Both Alder Hills are located in a prime area for promising views. Being near the northeast corner of the Huron Mountains lends potential for vistas of Big Bay and Lake Independence with enough elevation to glimpse the edge of the Yellow Dog Plains. One could easily expect grand views and well-traveled paths on both peaks. My earlier climb up the eastern Alder Hill proved disappointing, with fleeting glimpses of the lakes to the east at best. I was not sure if the western hill would hold a similar outcome, but I wasn't about to climb the taller 1400 foot peak without confirmation that there was at least one good outcropping to find.
There is a small parking spot where the Triple A ends at County Road 510 with a four wheeler/snowmobile trail leading into the woods. This path roughly parallels 510 southwards from here in what I'm assuming is a normal trail for snowmobilers coming off of the Yellow Dog plains that want to avoid riding on the road. I parked here and followed it south, slowly walking past my destination to the left. I had a hunch based on some satellite photos that I could find a good vantage point about a mile to the south and walking along the wide, flat track out of my way for a mile or two was definitely better than climbing a mountain and finding no views.
After sticking to the main route for a distance and cutting off on a few side branches I bumped into a sudden rise of rock just off trail. I clambered up a narrow crack around hardy undergrowth clinging to the inches-wide path and broke out of the thick foliage to find a revitalizing view. This was what I had been searching for all day and was about to climb another mountain for.
To the north rose the western Alder Hill with numerous outcroppings peppering it's wooded slopes. To the east lay Lake Independence and Lake Superior beyond, and to the south the eastern Alder Hill gently rose from the thick green woods. I could make out a few small breaks on the eastern hill, mostly on a ridgeline extending west towards me, and realized that my earlier hike would have been much more successful had I started here. Also, this gave me the confirmation I needed to climb the western Alder Hill - there were plenty of rocky outcroppings that would give me good views of the area. After a short rest on the sun-warmed rock I dropped down to the trail and cut straight to the mountain avoiding my previous trail, with a clear goal to reach the peak.
The woods were relatively easy to bushwhack through, with only a few gorges cut by seasonal streams causing me to veer slightly off course. The mountain crept up on me, and it wasn't until I hit the first rock outcropping that forced me to use all four limbs to climb that I truly noticed I was gaining elevation. This outcropping was one of the lower ones I had spotted earlier and it gave me a chance to reorientate myself and survey the forest below. From here I decided to start wrapping around to the eastern slope, which would allow me to venture out on multiple outcroppings and hopefully get a good view of Big Bay and Salmon Trout Bay to the northeast.
My climb was gradual but testing. To 'jump' from one outcropping to the next involved bushwhacking through thick scrub, climbing a steep rock wall, weaving around boulders and huge cracks in the exposed rock, and then dropping back down to the scrub again. With all of the outcroppings on the southern face each view was roughly the same, with only small changes due to elevation differences. I finally reached a respectable height and took a good look around. Minor hills poked up to the west with a solid horizon line marking the edge of Yellow Dog Plains. The Panorama Hills poked up randomly to the south, reminding me of the many trips I've had in that area. The eastern Alder Hill lay stretched out before me and only a corner of Lake Independence showed itself in the east. I never found the great northeast view that I was hoping for, but the climb was worth the southern vista alone.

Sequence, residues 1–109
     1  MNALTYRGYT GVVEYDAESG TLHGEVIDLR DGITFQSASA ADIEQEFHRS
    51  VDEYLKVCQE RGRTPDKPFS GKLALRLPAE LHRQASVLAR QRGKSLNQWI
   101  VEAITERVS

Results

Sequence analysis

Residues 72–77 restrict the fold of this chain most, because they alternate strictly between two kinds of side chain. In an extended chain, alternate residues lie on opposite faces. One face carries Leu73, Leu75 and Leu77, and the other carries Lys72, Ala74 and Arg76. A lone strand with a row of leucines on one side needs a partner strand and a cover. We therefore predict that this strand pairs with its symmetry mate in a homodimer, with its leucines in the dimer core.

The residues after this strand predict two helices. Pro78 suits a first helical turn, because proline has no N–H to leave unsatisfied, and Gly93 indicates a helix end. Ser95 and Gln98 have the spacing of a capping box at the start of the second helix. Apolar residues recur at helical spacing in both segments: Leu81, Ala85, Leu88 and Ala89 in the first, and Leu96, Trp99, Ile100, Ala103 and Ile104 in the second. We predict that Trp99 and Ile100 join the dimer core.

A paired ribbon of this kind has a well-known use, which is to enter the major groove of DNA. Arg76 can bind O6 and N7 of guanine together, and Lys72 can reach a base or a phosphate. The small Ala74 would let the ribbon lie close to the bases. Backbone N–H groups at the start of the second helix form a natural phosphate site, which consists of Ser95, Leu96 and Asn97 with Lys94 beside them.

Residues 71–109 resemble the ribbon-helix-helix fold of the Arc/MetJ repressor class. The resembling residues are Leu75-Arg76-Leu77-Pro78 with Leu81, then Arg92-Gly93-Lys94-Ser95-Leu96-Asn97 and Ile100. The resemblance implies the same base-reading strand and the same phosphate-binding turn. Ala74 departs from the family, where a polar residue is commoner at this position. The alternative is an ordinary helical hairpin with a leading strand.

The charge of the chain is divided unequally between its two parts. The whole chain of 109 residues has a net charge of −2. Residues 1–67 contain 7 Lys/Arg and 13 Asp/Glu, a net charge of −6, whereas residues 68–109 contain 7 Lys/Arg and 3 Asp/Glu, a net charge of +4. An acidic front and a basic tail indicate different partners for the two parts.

I was fairly confident I had reached the best outcropping on the southern slope that I was going to find so I tightened my curved route and made it to the peak. There was no view up here - only trees and low brush. I ventured over to the northern and western sides and only found a limited view westwards. There might be outcroppings somewhere on the northern slope - however, today I was far too tired to search further and was only interested in settling down for the evening. Trotting down the steep western slope was difficult with multiple sudden drops to navigate around. Along the way I bumped into something I had suspected was in this area, an occupied cabin, so I gave it a wide berth to the south. If I would approached the summit directly from my car with no southern veer not only would I have ran into this cabin earlier but I probably wouldn't have found a single outcropping or view. After the cabin there was one more sudden drop to climb down before meeting up with the original track that led straight back to my car.
As of now I can't see a reason to return to these peaks. There are a few outcroppings on the western flank of the east Alder Hill, but I can't imagine the view from them would be worth the bushwhack. If I found some proof of a northern outcropping with possible views of Big Bay and Salmon Trout Point I might attempt that hike again (probably via a shorter approach from the Thomas Rock parking lot), but Thomas Rock has pretty good views in that direction already. It was a fun afternoon, but I'd only recommend this hike to a completionist who is looking to climb every significant Huron Mountain peak.